Toyota: Rebuilding and Fortifying a Global Supply Chain (Part 2)

Please click here for Part 1 of this post.

The third and final (public) step that Toyota is taking to reduce supply risk following March's earthquake and Tsunami is, as Reuter's suggests, to become "more resilient" by making "each region independent in its parts procurement so that a disaster in Japan would not affect production overseas." While reducing supply risk at the same time, Toyota's purchasing head notes that such a move would "also help offset losses from the strong yen by eventually lowering costs and creating a natural hedge -- whereby costs and revenues are in the same currency -- cutting foreign exchange exposure within regions." Sounds sophisticated. Buying where you sell is always a natural currency hedge -- and one with no financial cost. But this is what many world-class industrial supply chain organizations have been doing for some time. Toyota, once again, is behind some of its American and German OEM counterparts in pursuing such a move.

Curiously, in its risk reduction plans, Toyota does not appear to be heading down a path of opening up its own domestic operations to global sources of supply. Sasaki suggests that such a move "would not help in light of the time and money required to package and transport the parts, coupled with a higher level of manufacturing efficiency in Japan." Yet as we know, efficiency and cost are only two elements of the total cost of production, factoring in a range of supply risk factors. Most likely, one of the real motives behind this is that Toyota does not want to upset its supplier partnerships in Japan by opening up its supply chain to new partners. Arguing that global suppliers are less efficient is in fact a ridiculous argument. I've personally toured a relatively new domestic tier one facility that is capable of producing emissions canisters and other assemblies as efficiently as any operation in Japan (this supplier also provides parts to Japanese OEMs with production facilities in the US).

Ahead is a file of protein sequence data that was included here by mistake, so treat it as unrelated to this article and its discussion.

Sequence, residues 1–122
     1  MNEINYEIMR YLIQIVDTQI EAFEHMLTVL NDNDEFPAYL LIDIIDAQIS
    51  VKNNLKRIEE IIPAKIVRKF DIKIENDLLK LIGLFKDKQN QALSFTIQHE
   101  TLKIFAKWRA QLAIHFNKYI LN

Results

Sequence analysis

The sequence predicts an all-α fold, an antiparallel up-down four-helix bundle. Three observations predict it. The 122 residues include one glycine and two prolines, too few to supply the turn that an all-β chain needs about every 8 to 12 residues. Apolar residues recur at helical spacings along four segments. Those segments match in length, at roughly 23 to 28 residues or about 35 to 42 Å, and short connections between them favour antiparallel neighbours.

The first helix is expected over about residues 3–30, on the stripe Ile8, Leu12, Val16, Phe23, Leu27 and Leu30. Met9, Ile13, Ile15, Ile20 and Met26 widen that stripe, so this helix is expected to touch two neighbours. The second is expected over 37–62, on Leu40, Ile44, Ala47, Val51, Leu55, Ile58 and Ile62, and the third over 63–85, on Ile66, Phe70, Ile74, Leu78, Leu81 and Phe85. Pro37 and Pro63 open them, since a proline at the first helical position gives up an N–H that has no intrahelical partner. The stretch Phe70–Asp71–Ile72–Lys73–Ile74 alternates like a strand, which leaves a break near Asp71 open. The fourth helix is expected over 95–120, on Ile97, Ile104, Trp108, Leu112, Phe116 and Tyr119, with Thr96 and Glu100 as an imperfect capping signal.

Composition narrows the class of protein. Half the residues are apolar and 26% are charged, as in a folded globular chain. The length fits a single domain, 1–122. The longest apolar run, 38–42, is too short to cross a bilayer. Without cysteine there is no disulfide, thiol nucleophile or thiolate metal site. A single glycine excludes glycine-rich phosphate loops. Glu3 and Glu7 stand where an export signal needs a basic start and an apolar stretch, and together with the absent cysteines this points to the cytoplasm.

In summarizing and analyzing Toyota's three-step plan to reduce supply risk, Spend Matters would suggest the planned effort:

  • Moves slowly (and some might argue too conservatively) over a half-decade period
  • Focuses on activities (e.g., reducing dependence on a single region for materials) that should have been done long before the earthquake
  • Maintains supply chain sacred cows (e.g., granting special privilege to domestic Japanese suppliers)
  • Relies too much on physical inventory as a hedge against future disasters

In short, Toyota has thought small and conservatively in its attempt to reduce supply chain risk in the future. What additional plans should have Toyota pursued? Stay tuned as we offer up our own opinion in the final post in this series.

Jason Busch

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